On-chip hydrogel arrays individually encapsulating acoustic formed multicellular aggregates for high throughput drug testing†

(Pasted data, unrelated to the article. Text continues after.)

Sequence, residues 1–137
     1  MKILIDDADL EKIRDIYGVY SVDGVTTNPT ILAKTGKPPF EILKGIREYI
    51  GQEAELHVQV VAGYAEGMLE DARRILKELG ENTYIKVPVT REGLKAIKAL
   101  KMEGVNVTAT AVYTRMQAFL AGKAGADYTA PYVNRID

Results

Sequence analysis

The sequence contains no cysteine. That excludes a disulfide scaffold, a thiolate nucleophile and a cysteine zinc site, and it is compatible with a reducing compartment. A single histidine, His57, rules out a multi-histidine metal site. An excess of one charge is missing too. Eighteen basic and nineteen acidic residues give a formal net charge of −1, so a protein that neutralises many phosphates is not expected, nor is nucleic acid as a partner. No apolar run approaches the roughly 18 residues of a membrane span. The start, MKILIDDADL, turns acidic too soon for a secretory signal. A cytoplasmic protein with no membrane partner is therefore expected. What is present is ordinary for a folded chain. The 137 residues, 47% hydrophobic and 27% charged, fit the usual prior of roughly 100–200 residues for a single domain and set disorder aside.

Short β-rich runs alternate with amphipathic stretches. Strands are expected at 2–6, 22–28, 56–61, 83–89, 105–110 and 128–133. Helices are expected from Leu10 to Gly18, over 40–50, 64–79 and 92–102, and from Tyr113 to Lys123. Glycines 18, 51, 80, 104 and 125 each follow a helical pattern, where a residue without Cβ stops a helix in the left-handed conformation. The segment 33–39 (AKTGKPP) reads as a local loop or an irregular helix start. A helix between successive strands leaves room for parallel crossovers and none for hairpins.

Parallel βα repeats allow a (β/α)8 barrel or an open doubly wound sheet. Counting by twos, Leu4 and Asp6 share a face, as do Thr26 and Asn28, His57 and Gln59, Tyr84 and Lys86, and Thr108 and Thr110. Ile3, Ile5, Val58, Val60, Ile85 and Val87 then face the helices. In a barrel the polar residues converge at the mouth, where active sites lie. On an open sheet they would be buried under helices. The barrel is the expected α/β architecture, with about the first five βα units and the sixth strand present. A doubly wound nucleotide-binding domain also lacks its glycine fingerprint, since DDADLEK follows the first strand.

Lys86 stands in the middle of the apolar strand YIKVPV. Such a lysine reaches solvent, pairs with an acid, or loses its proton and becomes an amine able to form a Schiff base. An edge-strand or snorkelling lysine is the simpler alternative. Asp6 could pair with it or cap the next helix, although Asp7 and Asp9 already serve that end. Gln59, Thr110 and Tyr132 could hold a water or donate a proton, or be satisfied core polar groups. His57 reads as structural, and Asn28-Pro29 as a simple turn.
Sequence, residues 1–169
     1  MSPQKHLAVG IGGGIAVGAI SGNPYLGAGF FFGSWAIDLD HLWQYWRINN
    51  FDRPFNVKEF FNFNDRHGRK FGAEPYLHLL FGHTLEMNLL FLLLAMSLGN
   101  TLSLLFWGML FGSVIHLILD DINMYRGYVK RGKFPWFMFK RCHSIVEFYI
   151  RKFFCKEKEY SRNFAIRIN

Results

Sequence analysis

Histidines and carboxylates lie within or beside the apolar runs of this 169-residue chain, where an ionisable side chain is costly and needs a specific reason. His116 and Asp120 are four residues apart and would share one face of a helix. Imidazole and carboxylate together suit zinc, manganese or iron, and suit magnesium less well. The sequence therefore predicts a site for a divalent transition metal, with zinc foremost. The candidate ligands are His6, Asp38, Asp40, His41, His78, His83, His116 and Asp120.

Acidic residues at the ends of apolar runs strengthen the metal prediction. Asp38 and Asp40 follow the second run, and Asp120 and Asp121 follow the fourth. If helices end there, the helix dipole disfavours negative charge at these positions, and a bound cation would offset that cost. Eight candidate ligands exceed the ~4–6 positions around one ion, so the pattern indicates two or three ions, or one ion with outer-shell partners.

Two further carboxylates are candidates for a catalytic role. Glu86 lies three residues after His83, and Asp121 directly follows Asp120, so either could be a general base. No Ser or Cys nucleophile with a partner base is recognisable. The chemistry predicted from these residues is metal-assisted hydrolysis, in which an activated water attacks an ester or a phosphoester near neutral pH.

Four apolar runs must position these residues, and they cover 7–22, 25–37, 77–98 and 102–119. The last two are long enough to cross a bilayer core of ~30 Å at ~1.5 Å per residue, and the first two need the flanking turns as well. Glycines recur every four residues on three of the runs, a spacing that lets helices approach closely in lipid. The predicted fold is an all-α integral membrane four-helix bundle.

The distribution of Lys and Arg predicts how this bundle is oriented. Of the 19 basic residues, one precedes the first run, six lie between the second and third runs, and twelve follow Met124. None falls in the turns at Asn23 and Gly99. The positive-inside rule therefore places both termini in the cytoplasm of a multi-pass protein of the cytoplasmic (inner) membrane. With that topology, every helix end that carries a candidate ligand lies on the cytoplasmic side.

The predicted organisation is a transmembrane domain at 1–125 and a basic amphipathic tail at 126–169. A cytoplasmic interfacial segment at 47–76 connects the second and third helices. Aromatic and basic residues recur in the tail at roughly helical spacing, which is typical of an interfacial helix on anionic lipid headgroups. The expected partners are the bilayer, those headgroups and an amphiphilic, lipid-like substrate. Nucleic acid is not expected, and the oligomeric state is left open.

Multicellular aggregates in three-dimensional (3D) environments provide novel solid tumor models that can provide insight into in vivo drug resistance. Such models are therefore essential for developing new drugs and preventing the failure of clinical treatments. However, high-throughput cell cluster assembly and fabricating individual 3D environments that mimic the extracellular matrix (ECM) remain significant challenges. To rapidly produce mini 3D multicellular aggregate units, acoustic force assembly combined with ECM mimic hydrogel array encapsulation is developed and then integrated into a diffusion-based microfluidic device for high-throughput drug testing. The active acoustic force gathers human mononuclear leukemia cells (THP-1) into hundreds of multicellular clusters with a controllable size. Instead of continuous bulk materials, photosensitive gelatin methacryloyl (GelMA) hydrogel pillar arrays containing cell clusters at drug concentration gradients are obtained through selective area exposure. Ten azelaic acid (AZA) concentration gradient series are applied to 100 units to simultaneously test the multicellular cluster drug resistance to multiple drug conditions. Real-time green fluorescent protein (GFP) fluorescence is analyzed to monitor cell viability. The results show that cell aggregate activity is inversely related to the drug concentration in the hydrogel pillars, and shows lower sensitivity to drug toxicity than the activity of monolayer cultured cells. The 3D multicellular arrays provide numerous in vitro tumor models and can be directly used for downstream drug testing. This technology inherits the advantages of acoustic assembly, while being more flexible, practical, and high-throughput, and shows significant potential for use in further tumor related research and clinical practice.